Run, run, run, run, STOP!
Peck the ground for food. Run, run, run, run, STOP!
So goes the quirky walk cycle of the semipalmated plover (Charadrius semipalmatus). If you’re in the Coeur d’Alene area over the summer months, chances are you’ve seen this bird plenty of times. If for some reason you haven’t, then be on the lookout for its brown feathers on the upper parts of its body, contrasted with the white patterning on its underbelly, chest and the sides of its head. It’s also got large eyes, a short beak and yellow-orange legs. When it isn’t the breeding season, its forecrown will be brown.
This wee little bird weighs only 0.78-2.22 ounces and usually gets about 5.5-7.9 inches in length from beak to tail. When its wings are outstretched, it measures 14-22 inches in width. The semipalmated plover belongs to the Charadriidae family, which consists of 64-66 species of dotterels, lapwings, and of course, plovers. The semipalmated plover gets its name from the Latin words semi, meaning “half,” and palma, which means “palm,” in reference to its partially webbed feet.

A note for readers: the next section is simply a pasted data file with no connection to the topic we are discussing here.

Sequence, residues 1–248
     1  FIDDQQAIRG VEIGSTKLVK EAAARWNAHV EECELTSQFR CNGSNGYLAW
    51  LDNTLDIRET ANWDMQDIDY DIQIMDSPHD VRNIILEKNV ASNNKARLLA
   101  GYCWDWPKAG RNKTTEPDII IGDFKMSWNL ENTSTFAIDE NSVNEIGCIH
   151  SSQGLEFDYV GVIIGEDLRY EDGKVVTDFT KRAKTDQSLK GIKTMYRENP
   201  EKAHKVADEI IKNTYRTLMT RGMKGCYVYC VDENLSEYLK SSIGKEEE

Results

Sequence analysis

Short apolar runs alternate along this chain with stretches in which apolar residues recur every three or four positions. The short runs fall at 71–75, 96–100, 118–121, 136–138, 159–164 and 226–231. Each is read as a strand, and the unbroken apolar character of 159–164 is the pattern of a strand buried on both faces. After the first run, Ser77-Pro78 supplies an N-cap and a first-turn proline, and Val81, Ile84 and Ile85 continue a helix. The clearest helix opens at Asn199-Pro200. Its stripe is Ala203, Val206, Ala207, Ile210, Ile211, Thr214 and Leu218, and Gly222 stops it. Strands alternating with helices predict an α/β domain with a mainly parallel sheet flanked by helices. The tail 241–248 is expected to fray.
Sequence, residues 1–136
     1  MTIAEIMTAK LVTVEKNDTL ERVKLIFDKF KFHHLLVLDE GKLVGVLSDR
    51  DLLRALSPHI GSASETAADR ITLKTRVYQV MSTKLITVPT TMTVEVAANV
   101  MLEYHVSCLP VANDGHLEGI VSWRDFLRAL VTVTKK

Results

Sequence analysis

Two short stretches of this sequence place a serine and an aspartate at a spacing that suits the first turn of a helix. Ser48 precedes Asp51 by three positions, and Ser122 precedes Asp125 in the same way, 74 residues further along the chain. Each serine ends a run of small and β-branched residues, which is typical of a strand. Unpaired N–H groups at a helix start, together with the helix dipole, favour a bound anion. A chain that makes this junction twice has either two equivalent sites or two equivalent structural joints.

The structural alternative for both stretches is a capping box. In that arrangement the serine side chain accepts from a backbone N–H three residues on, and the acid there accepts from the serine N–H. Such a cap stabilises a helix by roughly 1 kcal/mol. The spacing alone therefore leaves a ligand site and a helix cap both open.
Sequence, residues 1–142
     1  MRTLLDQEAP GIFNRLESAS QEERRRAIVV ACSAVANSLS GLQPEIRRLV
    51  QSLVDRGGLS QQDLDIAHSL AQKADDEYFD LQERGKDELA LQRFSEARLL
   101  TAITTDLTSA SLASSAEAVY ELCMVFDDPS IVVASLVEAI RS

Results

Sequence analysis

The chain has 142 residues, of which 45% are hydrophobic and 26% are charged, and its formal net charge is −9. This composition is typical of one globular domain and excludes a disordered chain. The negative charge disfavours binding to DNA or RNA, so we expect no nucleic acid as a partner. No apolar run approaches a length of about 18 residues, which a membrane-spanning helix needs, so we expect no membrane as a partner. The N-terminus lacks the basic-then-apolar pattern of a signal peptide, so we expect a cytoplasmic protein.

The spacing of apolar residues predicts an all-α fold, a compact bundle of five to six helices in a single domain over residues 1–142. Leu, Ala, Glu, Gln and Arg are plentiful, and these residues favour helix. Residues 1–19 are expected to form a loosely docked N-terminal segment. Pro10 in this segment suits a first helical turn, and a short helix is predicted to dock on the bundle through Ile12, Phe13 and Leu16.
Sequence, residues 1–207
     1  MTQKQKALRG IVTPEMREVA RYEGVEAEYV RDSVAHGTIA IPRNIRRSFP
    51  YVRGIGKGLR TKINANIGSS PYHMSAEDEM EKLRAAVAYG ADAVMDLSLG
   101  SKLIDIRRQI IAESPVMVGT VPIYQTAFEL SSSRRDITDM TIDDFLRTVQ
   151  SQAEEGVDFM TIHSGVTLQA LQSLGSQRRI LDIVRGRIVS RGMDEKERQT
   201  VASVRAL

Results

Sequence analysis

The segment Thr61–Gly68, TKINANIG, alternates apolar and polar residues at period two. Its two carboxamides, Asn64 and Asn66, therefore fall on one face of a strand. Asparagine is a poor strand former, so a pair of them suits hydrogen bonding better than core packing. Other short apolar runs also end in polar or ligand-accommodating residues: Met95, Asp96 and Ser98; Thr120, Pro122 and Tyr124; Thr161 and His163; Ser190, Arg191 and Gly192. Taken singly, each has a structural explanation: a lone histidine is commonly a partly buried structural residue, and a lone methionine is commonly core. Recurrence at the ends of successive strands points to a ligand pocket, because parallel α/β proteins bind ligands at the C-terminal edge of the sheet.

Speaking of food, what’s on the menu for this little guy? Well now that depends on the time of year. Semipalmated plovers are migratory. Their breeding grounds are throughout northern Canada and Alaska, where male and female pair off to spend the summer raising four cute, fluffy chicks.
During this time of year and their migration period, which is late spring and early fall, they typically feed on flies, fly larvae and other insects they find along lakeshores and other bodies of water, but they’ll also snack on worms.
In the winter, they travel south, anywhere from along the Atlantic and Pacific coasts of North America and South America. Here they add marine worms, small mollusks and crustaceans to their diet.
August is primetime for these birds to be traveling through the Coeur d’Alene area. So throughout the month, be sure to say hi to our feathery summer traveler, the semipalmated plover!
Christian Ryan can be reached at firstname.lastname@example.org